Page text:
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The Honolulu Advertiser

Posted on: Tuesday, February 12, 2002

Report argues against Wa'ahila power line

Fifteen years ago, a power outage in Palolo cut off thousands of avid football fans from the Super Bowl game, and a plan to prevent future such power failures was born.

But the Hawaiian Electric Co.'s proposal to link its Kamoku substation in McCully with the Pukele substation in upper Palolo Valley — via a high-voltage line on the scenic Wa'ahila Ridge above Manoa Valley — has sparked a firestorm of debate.

Enter retired Circuit Judge E. John McConnell, who was appointed by the state Board of Land and Natural Resources to assess the project. He now recommends that the DNLR reject HECO's application to build the Wa'ahila Ridge project.

HECO says it will move forward undeterred, and has until July to prepare to defend its plan before the DNLR board. We suggest the board seriously consider the arguments raised by McConnell. Power lines already are a blight on O'ahu's vistas, and HECO has been slow to look at alternatives to the tangle of buzzing overhead wires.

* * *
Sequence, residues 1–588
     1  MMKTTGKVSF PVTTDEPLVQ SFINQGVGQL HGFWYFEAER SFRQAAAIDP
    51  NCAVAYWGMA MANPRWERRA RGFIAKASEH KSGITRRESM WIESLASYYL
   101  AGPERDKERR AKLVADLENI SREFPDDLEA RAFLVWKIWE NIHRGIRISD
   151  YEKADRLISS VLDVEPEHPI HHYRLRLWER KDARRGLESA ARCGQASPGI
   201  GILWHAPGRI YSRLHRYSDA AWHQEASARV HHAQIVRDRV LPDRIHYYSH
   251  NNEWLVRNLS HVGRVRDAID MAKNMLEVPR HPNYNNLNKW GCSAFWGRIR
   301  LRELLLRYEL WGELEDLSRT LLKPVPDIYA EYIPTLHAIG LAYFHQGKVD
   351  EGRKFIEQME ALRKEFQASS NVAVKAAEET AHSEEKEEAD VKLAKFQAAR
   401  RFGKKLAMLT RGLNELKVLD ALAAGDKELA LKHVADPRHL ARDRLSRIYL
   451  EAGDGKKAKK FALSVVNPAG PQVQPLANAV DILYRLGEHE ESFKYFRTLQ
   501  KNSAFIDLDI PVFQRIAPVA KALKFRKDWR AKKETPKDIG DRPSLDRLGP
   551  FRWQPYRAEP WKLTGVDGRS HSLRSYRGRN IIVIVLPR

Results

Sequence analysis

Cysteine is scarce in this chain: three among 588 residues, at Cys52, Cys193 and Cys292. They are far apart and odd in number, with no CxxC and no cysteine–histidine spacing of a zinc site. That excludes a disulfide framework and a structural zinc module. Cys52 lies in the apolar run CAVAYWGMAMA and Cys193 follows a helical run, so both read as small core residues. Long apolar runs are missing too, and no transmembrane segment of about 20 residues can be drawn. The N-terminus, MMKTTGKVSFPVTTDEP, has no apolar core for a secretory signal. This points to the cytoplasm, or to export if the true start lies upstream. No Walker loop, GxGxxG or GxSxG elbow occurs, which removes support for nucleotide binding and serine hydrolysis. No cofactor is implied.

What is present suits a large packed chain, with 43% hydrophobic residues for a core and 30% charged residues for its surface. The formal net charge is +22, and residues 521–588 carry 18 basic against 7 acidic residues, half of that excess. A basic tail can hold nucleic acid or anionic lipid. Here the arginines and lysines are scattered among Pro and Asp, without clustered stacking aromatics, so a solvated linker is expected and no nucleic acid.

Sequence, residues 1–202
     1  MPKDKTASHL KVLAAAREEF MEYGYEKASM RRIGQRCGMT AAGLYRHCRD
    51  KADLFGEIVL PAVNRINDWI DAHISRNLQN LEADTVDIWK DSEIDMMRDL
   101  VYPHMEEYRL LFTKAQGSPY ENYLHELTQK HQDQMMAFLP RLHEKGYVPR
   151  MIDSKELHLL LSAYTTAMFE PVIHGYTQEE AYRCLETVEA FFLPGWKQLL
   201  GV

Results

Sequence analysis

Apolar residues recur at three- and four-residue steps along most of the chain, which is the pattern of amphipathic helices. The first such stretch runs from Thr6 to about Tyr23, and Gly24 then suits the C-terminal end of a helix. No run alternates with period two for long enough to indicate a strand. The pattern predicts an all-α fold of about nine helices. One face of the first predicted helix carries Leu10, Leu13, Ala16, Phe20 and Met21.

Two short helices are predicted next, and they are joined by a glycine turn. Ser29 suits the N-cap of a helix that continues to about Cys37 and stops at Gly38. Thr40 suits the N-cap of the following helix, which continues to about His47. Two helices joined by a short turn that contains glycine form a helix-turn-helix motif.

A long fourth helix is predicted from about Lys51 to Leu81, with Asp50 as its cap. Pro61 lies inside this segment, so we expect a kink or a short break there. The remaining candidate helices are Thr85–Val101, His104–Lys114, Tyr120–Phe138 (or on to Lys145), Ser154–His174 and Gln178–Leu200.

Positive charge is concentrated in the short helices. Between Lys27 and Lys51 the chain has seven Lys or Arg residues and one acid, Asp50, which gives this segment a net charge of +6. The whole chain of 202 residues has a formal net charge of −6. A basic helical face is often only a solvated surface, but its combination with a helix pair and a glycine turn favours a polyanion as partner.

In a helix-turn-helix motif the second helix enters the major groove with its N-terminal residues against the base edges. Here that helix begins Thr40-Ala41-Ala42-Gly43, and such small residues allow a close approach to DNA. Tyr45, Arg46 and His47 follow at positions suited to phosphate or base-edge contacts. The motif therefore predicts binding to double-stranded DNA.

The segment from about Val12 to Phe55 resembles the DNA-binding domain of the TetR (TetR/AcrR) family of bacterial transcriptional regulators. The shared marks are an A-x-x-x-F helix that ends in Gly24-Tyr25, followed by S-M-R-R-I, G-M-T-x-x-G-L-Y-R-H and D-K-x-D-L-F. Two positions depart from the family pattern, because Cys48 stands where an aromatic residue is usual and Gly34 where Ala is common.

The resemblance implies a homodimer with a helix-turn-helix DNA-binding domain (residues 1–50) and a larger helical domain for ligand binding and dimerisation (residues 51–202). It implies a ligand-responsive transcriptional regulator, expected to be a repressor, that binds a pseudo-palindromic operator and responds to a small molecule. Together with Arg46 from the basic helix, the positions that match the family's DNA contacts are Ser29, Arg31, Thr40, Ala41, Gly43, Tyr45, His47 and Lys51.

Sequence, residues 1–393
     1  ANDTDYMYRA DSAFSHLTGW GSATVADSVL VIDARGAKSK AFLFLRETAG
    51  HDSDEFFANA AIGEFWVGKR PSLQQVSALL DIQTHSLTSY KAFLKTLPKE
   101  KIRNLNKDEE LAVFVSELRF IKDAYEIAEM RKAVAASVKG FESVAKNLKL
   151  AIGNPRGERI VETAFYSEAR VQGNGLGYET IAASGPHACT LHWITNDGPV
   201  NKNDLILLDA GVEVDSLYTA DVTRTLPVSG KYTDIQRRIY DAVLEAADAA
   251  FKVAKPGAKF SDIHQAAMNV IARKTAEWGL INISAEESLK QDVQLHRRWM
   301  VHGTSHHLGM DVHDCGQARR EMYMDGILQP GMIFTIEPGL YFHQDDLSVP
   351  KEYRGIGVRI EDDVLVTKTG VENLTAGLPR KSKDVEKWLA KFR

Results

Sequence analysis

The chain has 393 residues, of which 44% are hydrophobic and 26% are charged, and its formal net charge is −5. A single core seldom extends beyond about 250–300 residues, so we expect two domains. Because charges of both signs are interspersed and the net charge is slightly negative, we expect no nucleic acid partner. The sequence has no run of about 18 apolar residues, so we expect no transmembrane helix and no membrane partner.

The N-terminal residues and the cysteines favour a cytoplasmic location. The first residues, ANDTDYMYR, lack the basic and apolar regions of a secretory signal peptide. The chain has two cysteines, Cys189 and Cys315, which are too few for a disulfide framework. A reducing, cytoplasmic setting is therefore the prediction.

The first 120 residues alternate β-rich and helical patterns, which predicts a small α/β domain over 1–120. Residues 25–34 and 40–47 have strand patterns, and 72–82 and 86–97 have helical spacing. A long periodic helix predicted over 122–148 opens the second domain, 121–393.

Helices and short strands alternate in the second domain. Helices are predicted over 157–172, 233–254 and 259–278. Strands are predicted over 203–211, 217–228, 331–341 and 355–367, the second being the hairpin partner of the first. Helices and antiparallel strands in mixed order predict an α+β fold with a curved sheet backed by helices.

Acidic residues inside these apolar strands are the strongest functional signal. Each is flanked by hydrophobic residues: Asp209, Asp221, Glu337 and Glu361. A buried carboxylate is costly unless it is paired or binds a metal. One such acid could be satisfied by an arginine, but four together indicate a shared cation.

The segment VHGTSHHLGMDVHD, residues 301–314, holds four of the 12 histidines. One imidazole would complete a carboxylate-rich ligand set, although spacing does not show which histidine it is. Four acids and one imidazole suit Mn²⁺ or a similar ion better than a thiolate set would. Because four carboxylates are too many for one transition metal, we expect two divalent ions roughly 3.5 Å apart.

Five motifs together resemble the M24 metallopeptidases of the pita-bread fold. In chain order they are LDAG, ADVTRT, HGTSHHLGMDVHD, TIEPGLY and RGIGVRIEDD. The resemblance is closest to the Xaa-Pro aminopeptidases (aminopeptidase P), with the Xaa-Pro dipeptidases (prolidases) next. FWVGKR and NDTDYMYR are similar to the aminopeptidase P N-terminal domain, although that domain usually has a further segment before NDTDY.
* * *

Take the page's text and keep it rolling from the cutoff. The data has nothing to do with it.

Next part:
McConnell says HECO had "substantially overstated" the public's need for the new power lines, and "has failed to establish that there is a public benefit for its proposed project which outweighs its adverse impacts on conservation district lands."

Moreover, he says substantial improvements made to the electrical system in recent years make a repeat of the infamous Super Bowl Sunday blackout unlikely.

As an alternative, McConnell suggests live-line maintenance or installing underground lines up Palolo Avenue. He concedes that undergrounding would cost $8.6 million more than the Wa'ahila Ridge plan. However, he suggests HECO has already spent close to that amount on its effort to win its Wa'ahila case.

It has been our position that the Public Utilities Commission should have determined, right from the get-go, whether the project was needed at all, before the DLNR was asked to rule on the appropriateness of the site. There is a case to be made that HECO's "ring of reliability" may unwisely commit the utility to fossil fuels, even after their availability wanes and clean alternatives become cost-effective.